Gibraltar is not changing hands, insists minister

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The people of Gibraltar were last night given voting rights in European parliamentary elections in what was being seen as an effort by the British Government to smooth the row over sovereignty of the Rock.

The Europe Minister, Peter Hain, told a panel of MPs that – for the first time – the colony's electorate would be able to take part in the five-yearly elections.

He revealed the change during intense questioning from the Foreign Affairs Select Committee, which was asking about the talks with Spain on the future of the territory. Mr Hain compared the situation in Gibraltar to that of Northern Ireland and said there was "nothing to fear from talking."

He promised MPs that talks with Spain about Gibraltar did not involve the handing over of sovereignty but he said that increased self government was up for discussion. "I am being absolutely straight and frank that we will not agree to hand over Gibraltar in any shape or form," said Mr Hain. "That is not on the agenda."

The European Union had put pressure on both Britain and Spain to come to the table to talk about Gibraltar's future, he said, adding that the "prize" was for sovereignty to no longer hamper talks about the modernisation of services on the Rock.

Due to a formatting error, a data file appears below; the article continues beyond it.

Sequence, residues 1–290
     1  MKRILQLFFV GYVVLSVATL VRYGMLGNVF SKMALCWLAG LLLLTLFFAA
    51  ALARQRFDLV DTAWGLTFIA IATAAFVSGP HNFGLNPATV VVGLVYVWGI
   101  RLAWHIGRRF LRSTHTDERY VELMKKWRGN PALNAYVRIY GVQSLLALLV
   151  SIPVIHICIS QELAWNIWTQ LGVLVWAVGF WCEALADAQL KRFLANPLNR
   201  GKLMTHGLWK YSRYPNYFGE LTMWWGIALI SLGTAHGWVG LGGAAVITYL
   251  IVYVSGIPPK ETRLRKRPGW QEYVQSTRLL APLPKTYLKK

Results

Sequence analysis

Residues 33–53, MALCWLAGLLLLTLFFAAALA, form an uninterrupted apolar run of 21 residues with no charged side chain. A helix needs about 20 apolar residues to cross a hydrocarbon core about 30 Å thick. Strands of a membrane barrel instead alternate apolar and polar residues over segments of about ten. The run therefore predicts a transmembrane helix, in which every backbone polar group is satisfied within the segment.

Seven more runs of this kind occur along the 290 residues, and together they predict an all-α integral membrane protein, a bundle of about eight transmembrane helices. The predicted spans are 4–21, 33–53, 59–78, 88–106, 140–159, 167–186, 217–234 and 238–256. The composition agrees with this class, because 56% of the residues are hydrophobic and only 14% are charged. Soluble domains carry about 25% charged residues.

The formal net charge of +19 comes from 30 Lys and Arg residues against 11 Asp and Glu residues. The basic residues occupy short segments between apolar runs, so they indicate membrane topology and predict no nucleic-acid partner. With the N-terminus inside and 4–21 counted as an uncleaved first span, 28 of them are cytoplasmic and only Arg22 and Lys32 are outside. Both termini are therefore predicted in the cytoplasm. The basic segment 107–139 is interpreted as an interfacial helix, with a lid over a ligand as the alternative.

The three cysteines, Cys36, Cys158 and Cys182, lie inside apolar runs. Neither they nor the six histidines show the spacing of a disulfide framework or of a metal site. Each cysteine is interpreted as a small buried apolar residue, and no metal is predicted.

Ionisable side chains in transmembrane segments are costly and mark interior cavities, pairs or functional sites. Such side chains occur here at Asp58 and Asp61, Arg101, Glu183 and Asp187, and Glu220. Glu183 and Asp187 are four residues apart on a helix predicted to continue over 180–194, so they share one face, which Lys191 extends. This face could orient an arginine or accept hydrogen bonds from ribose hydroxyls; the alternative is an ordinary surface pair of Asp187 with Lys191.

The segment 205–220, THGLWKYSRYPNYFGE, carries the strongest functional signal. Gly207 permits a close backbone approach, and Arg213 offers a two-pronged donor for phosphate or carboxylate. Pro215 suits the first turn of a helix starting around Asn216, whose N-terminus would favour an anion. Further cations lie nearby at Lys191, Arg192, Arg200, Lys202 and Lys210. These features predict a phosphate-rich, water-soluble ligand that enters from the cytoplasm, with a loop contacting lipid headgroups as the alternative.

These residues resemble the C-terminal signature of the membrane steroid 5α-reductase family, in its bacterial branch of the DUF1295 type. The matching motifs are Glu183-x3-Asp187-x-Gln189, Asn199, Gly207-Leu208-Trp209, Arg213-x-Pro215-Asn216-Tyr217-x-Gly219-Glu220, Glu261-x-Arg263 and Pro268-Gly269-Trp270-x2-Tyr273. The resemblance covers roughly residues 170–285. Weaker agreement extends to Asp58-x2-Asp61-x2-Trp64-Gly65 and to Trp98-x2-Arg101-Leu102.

Mr Hain poured scorn on suggestions that Gibraltar should be made a full part of the United Kingdom and said that the idea was unrealistic in a modern Europe. But he said that a full constitutional settlement would be in Gibraltar's interest and that its inhabitants had already benefited over talks with Spain over access to healthcare and utilities.

"This is a dispute that has gone on for far too long," Mr Hain added.

Appearing before the committee earlier, Gibraltar's Chief Minister, Peter Caruana, said that he would prefer to see "an empty chair" at talks that could involve the sovereignty of the colony.

Mr Caruana said he rejected the suggestion that he was being obstructive by not attending the talks and said Britain and Spain were trying to bounce him into the process.

"It is not that I will never go to talks. I will not go to talks that are strictly purely bilateral between London and Madrid," he said. "I have no wish to barter our sovereignty, our exclusive British sovereignty."

Mr Caruana, who gave a remarkably robust performance, was accused of "sophistry" by MPs but, in a thinly veiled reference to accusations of press management that have been aimed at the Labour Government, he said "I do not engage in spin."